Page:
With undergraduate research already on her resume, USD's first Ocean Leader Scholar is eager to discover what the next four years have in store. Thanks to a strong support system, the first generation college student is approaching her education with determination and maturity. Under the guidance of Professor Drew Talley of the Department of Marine Science and Environmental Studies, freshman Yajaira Nunez spent the summer studying the effects of heat on Baja California's wetlands. Before that, she took part in the Ocean Discovery Institute (ODI) summer research program. She said the experiences motivated her to pursue science as an academic discipline.
"If I would not have taken part in the program in 2009 I would probably be doing something completely different because I wouldn't think science would be an option," Nunez said.
"I love that I can go get help from my professors when I need it and that there are many clubs I can join."
Now she is enjoying the learning community afforded by USD's unusually accessible faculty and many student organizations. Despite prior feelings that a science degree was inaccessible, Nunez is seriously considering a major in marine biology. The abundance of caring individuals on campus has been a great source of confidence.
"I love that I can go get help from my professors when I need it and that there are many clubs I can join," Nunez said.
According to Nunez, USD is not just a place to pursue her passion for scientific inquiry, but a place of community as well. She said she has felt especially welcomed by USD's Student Support Services TRiO group, an on-campus resource for underrepresented students. She calls the group her "little family away from home."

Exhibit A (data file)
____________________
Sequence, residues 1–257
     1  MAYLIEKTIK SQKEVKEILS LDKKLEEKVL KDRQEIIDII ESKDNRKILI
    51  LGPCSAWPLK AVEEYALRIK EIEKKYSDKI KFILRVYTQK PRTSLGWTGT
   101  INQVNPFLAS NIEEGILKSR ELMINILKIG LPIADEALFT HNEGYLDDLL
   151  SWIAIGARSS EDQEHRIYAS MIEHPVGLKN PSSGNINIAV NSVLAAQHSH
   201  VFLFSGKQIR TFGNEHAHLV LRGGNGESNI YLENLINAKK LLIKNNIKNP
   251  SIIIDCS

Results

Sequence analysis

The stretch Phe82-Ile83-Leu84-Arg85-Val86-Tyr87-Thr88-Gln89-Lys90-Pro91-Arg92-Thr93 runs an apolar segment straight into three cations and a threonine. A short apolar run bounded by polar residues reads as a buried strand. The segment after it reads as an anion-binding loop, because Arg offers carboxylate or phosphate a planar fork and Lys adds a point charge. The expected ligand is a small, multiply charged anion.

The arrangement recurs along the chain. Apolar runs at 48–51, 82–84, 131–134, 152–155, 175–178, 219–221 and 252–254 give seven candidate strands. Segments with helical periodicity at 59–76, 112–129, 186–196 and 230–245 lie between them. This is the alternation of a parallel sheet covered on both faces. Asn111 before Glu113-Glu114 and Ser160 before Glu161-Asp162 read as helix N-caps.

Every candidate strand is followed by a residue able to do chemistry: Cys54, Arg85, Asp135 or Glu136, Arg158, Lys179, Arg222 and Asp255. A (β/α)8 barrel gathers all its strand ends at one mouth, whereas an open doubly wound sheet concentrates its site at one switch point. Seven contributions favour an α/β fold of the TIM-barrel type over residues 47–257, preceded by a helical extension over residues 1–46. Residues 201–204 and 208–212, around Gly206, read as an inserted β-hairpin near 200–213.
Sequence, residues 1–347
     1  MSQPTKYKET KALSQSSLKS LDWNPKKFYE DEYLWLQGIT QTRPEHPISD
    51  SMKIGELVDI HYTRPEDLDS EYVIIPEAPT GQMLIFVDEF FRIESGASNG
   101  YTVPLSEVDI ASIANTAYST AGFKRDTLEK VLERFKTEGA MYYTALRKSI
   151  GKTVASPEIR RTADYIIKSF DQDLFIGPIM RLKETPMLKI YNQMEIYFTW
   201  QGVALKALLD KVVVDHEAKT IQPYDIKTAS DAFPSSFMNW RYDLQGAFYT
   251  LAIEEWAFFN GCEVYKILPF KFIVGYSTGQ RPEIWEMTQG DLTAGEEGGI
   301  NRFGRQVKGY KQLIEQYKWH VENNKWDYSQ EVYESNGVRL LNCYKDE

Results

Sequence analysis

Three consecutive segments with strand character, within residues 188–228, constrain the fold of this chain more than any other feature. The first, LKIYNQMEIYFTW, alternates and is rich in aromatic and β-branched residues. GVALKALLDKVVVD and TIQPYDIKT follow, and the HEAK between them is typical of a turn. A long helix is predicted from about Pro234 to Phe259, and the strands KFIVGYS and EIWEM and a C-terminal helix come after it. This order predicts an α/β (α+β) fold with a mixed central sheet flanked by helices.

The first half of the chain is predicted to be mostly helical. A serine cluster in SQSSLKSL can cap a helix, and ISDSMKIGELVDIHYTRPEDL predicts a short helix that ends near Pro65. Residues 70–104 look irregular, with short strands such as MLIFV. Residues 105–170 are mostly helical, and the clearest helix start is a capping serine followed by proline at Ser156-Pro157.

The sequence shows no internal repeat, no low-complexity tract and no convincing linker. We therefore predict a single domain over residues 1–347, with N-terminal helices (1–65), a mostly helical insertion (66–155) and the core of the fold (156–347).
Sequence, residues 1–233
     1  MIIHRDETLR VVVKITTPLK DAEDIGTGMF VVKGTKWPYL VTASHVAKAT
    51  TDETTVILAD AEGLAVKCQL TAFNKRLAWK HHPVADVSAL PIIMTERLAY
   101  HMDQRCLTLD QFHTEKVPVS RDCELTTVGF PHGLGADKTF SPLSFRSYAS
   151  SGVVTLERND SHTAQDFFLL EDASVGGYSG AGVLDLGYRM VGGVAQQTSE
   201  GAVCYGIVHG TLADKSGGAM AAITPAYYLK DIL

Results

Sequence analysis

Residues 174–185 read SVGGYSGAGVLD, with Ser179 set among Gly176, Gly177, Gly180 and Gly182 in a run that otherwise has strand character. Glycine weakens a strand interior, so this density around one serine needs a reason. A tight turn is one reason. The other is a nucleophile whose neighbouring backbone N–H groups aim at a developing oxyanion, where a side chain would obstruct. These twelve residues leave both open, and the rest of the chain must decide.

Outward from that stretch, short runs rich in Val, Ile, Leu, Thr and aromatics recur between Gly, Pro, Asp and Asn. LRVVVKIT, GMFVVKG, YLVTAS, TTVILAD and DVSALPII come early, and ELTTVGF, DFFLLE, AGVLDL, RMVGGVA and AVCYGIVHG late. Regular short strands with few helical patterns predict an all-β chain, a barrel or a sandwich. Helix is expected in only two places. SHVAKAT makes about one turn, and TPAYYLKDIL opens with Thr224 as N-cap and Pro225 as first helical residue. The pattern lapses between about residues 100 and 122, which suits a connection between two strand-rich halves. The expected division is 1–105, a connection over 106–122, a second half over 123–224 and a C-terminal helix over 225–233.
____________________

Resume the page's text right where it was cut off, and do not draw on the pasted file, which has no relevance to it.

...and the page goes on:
With plenty of people and groups to keep her grounded, Nunez is beginning to set goals for her future. According to the young scholar, one faculty member has gone beyond the role of educator to provide a model for the type of woman Nunez would like to become.
"I think that Dr. Theresa S. Tally has inspired me the most," Nunez said. "Working with her, I saw a passion that I never thought possible. She works on her research, helps ODI, is a part-time professor at USD and a mom. I want to be able to do that someday, have a career that I love and a family I can help support."
"There is not one day that I don't get a text from [my mom] telling me that she believes in me and to work hard."
But like anyone with big dreams, Nunez recognizes the value in setting short-term goals as well. When asked about next semester's courses, she said her plans are nothing fancy.
"I want to take an environmental studies class and get started with the mandatory classes so that I can take my fun classes later," Nunez said.
No doubt those core classes will be approached with curiosity and determination, thanks to the work ethic and support system she has developed. Of course, she will never forget her most important resource-- her family. According to Nunez, her mother was very excited about her decision to attend USD, and continues to send love and inspiration.
"There is not one day that I don't get a text from her telling me that she believes in me and to work hard," Nunez said.
- Anne Malinoski '11